The UK’s Competition and Markets Authority (CMA) has released a report resulting from its review of generative artificial intelligence back in May.
The watchdog has included a list of seven principles that “ensure consumer protection and healthy competition are at the heart of responsible development and use of foundation models” as potential threats abound.
Foundation models (FMs) refer to the technology underpinning generative AI (GAI) models like ChatGPT and other tools that produce text, image and voice outputs from typed human prompts.
These “large, general machine-learning models” are “trained on vast amounts of data and can be adapted to a wide range of tasks and operations,” the CMA wrote in its report.
The set of principles drafted by the CMA look at how GAI models will be regulated to ensure fair market competition in the future.
The competition watchdog proposes the following:
Accountability: “FM developers and deployers are accountable for outputs provided to consumers.”
Access: “Ongoing ready access to key inputs, without unnecessary restrictions.”
Diversity: “Sustained diversity of business models, including both open and closed.”
Choice: “Sufficient choice for businesses so they can decide how to use FMs.”
Flexibility: “Having the flexibility to switch and/or use multiple FMs according to need.”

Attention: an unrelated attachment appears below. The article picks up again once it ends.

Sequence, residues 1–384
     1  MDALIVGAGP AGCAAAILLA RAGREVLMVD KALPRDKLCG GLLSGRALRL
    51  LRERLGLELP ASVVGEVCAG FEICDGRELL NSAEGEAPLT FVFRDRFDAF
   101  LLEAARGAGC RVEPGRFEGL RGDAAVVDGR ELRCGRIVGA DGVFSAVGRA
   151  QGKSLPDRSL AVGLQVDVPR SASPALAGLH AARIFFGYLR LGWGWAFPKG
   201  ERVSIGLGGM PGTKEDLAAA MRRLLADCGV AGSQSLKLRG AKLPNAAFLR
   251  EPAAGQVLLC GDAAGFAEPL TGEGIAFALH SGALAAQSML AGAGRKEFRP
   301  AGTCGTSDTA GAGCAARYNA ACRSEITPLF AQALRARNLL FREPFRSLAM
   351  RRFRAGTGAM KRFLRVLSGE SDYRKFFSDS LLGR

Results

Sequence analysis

Fair Dealing: “No anti-competitive conduct including anti-competitive self-preferencing, tying or bundling.”
Transparency: “Consumers and businesses are given information about the risks and limitations of FM-generated content so that they can make informed choices.”
Since its emergence and popularity, many people fear that GAI may threaten white-collar jobs across industries and mass-produce disinformation.
While GAI tools may promise certain benefits as well, providing more rapid solutions to tasks that make up people’s everyday lives, CMA chief executive Sarah Cardell points out that AI is being adopted by people at a “dramatic” rate.
“We can’t take a positive future for granted,” she adds. “There remains a real risk that the use of AI develops in a way that undermines consumer trust or is dominated by a few players who exert market power that prevents the full benefits being felt across the economy.”
The CMA estimates that around 160 foundation models have been released by a variety of companies that hold a significant section of the generative AI ecosystem, such as Google, Meta, Microsoft, Amazon, OpenAI and Stability AI.
According to the CMA, factors that could undermine the principles they have suggested in their report include mergers or acquisitions that might lead to the lessening of competition in markets, firms blocking “innovative challengers who develop and use FMs,” undue restrictions on a company’s ability to switch between FM providers, restrictive ecosystems, a company’s decision to bundle products and services, the release of “false and misleading content” from companies that impact consumer decision-making.
The CMA said it will publish a report on how these principles have been received, as well as an updated list of proposed principles, in 2024.